What I’ve discovered is that on all sides atrocities happened and not one country did not do something horrible to another country or frankly their own men.
    The UK killed over 2,000 of the French’s navy even though they had been allies.
    The Germans did countless horrors to anyone that was different in ANY way OR considered a political threat and used the fact that they killed so randomly to psychologically terrorize enemy troops. (The US did stoop to their level and did the same back to German POW’s) They were good at one thing and that was profiteering from other peoples death and slave labor.
    The Japanese imprisoned many different countries and ordered them to work or die and they indoctrinated their people that even when the civilians were liberated many chose to commit suicide since they were told that we were going to EAT them!!! Their value on live was astonishing to me to be sure… Its one thing to not value your enemies lives but its a whole other thing to not value YOUR army’s lives at all! (crazy since without them there is NO war!!)
    The US treated ALL Japanese ancestry people on the west coast as the enemy and placed them to fairly bad condition camps then ordered everyone of serving age to enlist as front line infantry. They were in segregated units same as the African Americans that were serving. However what happened next was worse. The all Jap unit wanted more then ANYTHING to prove their loyalty to America NOT Japan. So they literally accomplished ANY task before them no matter who died to do it. However even though they were so great at their job the commanding officer didn’t value their lives and ran them into the ground right before sending them to most of their deaths while they rescued the “lost soldiers.” Even worse was the amount of people killed by the atomic bomb afterwards since they literally did only one test ten days prior. The US had NO clue what the radiation was capable of (even now we are still figuring that out!) since its something that only shows up after time. All Truman knew was that if the US had to invade Japan it would be a extremely bloody battle because it had ALWAYS been a extremely bloody battle because no matter the odds the Japanese NEVER surrendered. Another fact was the US POW’s in Japan (numbering in the 168,000!!!) would have all been killed if in fact we ever did touch Japanese soil. The final fact is that he did have a new weapon at his disposal and since everyone had thought the war would have been finished a long time ago he was just plan in a hurry to finally end the damn world. So as long as it saved US lives he really didn’t care what happened over there in Japan just so long as they surrendered. Another crazy fact is that more people were killed by us fire bombing them then by the atomic bomb. Since their houses are highly flammable it would cause a fire storm and would sometimes rage for days on end.
    I guess my point is that there are always reasons people get into war in the first place and for the aggressor it is ALWAYS about gaining something of value be it land or resources or political. But once war starts it is SO incredibly horrible that it does affect “normal” people and turns them into monsters. They didn’t start out that way most the time but the environment of death and destruction leads people to do things they wouldn’t have imagined they could possibly do. Hitler didn’t just go round up Jews and kill them all right off the bat! In fact it was a very slow progression were even at the end the Jews themselves thought everything was fine while they were undressing on the way to the gas chamber! The WHOLE reasons there were gas chambers was because Himmler was worried that the SS would be too severely affected by having to kill THAT many helpless ppl and he was also worried about what type of solider he would have if they DIDN’T have a issue with it!! We are ALL capable of great evils. These people aren’t serial killers they BELIEVE in what they were doing and that they are correct in acting as they do. I mean come on! everyone was fighting for their HOMELAND! BELIEVING fully in the wrong thing is what is the TRUE issue! I think everyone for the most part was just looking out for number one which is the ONLY thing you can really look out for in a survival type situation.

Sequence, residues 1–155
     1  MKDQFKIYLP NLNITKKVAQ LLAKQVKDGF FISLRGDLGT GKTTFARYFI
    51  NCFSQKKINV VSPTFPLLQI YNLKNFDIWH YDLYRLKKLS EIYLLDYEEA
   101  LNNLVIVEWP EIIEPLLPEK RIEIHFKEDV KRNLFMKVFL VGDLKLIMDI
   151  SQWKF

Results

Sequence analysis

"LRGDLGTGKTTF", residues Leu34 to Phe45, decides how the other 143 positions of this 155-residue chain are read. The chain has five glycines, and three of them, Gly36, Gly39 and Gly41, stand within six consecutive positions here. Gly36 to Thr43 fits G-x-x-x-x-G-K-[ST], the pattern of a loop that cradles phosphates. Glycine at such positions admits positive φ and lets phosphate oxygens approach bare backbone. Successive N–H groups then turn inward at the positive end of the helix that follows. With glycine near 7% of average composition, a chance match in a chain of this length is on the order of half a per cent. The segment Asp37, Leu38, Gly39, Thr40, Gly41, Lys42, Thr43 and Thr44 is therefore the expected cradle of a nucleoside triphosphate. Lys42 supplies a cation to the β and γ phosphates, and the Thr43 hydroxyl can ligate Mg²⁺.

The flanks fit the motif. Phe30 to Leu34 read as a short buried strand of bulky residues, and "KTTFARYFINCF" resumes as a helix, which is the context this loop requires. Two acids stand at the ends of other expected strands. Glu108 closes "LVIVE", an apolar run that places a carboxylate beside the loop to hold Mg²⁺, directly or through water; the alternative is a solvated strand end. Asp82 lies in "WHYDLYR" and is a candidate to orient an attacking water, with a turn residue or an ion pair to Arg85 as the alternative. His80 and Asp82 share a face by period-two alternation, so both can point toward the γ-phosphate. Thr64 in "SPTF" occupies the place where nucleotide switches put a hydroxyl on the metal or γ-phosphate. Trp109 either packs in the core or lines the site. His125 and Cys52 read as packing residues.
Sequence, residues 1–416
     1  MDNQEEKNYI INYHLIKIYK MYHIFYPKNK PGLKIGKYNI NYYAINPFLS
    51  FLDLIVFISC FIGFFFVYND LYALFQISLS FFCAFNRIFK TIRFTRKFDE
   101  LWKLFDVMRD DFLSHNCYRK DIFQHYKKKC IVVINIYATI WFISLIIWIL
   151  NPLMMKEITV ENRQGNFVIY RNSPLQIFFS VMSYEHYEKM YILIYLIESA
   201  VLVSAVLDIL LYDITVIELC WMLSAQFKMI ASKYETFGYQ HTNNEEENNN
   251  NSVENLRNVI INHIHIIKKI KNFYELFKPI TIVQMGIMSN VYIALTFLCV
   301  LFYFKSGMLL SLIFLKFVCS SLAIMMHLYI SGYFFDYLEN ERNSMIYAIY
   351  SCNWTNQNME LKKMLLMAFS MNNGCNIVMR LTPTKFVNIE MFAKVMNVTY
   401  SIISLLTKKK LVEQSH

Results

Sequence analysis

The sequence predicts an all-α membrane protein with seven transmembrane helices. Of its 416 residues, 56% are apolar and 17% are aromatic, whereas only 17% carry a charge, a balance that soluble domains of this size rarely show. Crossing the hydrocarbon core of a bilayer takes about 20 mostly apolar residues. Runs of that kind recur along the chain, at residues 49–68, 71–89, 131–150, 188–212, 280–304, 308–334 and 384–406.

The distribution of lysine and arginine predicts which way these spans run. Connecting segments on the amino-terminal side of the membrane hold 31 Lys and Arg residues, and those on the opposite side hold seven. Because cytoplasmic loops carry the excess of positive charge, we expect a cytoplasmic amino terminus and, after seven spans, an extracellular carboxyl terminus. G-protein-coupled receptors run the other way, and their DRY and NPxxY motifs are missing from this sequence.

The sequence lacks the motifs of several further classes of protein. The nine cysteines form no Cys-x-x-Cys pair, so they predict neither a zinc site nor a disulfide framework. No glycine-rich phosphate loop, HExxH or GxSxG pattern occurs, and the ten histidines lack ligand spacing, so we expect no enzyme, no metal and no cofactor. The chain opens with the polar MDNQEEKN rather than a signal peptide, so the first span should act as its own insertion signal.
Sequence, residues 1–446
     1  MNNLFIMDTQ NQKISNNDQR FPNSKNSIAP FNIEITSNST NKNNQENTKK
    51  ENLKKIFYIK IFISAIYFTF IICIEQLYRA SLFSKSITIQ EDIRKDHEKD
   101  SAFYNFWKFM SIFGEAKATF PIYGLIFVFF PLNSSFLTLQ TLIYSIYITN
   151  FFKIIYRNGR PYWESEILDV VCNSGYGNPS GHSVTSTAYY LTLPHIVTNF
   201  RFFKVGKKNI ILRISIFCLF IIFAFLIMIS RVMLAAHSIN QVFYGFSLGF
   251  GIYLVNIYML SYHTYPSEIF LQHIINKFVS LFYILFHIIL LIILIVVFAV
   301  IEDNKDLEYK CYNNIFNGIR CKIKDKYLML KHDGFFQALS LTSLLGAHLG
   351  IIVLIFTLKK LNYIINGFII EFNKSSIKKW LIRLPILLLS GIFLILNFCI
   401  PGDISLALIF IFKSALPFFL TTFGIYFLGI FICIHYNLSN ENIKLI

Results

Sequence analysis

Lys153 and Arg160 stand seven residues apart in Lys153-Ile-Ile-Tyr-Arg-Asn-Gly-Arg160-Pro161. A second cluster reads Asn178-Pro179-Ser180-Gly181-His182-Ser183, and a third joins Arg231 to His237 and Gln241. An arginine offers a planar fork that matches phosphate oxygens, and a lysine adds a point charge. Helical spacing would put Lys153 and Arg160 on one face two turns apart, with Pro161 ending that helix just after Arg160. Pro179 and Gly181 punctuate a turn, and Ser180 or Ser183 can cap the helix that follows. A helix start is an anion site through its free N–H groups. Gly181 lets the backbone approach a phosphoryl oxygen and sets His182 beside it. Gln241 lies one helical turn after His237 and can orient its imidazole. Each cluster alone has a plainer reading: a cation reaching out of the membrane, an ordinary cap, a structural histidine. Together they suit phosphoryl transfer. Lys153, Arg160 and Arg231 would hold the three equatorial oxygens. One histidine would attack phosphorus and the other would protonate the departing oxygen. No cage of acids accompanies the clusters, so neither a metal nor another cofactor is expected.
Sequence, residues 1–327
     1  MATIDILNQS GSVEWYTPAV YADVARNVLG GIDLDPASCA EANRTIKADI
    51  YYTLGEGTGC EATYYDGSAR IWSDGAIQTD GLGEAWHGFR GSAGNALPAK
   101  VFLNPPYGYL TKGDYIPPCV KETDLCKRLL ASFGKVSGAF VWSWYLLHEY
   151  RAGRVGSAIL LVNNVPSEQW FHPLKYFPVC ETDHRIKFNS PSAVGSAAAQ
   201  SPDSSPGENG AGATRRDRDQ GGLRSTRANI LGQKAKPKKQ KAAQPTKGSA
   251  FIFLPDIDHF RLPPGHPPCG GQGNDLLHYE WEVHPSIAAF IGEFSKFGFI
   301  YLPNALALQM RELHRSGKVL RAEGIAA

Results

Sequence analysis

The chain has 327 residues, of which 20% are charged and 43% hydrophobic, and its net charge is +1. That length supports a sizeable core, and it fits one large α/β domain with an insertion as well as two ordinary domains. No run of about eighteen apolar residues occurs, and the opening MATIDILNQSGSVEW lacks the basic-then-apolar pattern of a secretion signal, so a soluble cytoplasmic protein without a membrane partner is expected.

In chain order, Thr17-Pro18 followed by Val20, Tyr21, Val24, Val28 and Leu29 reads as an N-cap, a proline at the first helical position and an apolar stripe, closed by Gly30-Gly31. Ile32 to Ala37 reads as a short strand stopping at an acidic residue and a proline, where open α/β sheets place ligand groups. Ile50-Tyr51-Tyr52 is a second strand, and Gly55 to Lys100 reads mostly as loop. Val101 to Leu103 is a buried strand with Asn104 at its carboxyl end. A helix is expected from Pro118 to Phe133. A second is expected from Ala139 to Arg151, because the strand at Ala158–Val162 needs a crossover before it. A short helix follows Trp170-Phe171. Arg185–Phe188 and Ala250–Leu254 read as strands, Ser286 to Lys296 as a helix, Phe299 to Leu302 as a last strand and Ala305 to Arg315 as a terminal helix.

Valerie December 29, 2013 at 8:22 PM Reply
    • You just invalidated your whole statement when you said all are biased towards their own nation. More so, you proved it throughout your comment. They were serial killers. Accept that first and you will be able to look at things in a better light, not highly biased towards the U.S. or even Nazi Germany.
      I will not claim anything such as that I have researched on this extensively not only because there is no way to prove that but also because when you come to think of it, you never really know when you have researched enough. You know, before you can say you understood something fully, you have to be open to all possibilities. That is what makes this blog credible.

      Rob March 23, 2014 at 12:24 AM Reply
    • The French Vichy were not allies – they had signed a pact with the Germans. They had the chance to scuttle their ships as they later did in 1942, they could have surrendered by instead chose to fight back against the British resulting in the deaths. secondly you are right, Hitler began with the socialists, the Gypsies and the mentally ill. Moreover most Jews were not killed in gas chambers but in the field.

      gordon jones August 12, 2015 at 10:13 AM Reply